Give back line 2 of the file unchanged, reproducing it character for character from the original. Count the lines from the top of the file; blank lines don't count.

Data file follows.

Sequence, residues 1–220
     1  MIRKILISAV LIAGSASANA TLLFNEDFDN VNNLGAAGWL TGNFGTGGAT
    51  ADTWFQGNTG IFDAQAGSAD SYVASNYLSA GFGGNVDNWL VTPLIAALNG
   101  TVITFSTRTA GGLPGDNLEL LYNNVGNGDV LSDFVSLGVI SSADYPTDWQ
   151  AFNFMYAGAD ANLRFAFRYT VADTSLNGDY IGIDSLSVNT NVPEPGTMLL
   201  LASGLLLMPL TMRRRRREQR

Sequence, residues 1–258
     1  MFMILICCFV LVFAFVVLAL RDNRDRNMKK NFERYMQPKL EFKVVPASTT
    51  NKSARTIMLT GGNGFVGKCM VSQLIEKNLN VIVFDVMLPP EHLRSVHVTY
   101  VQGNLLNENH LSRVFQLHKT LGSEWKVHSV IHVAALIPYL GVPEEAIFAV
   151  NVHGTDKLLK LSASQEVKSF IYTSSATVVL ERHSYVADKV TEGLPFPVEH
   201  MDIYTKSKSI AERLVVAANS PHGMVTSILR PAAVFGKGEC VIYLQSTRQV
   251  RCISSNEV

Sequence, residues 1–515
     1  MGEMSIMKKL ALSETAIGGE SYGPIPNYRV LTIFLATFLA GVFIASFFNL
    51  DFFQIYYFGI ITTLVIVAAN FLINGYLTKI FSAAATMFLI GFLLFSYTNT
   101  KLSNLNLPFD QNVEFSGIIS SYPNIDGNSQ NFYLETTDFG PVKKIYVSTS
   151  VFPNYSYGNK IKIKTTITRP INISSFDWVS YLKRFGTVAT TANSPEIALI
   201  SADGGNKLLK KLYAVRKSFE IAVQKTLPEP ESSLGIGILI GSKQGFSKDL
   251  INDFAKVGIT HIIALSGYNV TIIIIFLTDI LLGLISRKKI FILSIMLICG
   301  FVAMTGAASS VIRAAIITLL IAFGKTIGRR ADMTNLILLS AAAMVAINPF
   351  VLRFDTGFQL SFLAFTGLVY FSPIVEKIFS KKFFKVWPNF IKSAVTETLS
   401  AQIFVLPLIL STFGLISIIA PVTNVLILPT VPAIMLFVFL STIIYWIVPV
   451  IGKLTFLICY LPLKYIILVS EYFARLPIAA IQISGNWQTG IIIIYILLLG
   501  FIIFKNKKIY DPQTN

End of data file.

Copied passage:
     1  MIRKILISAV LIAGSASANA TLLFNEDFDN VNNLGAAGWL TGNFGTGGAT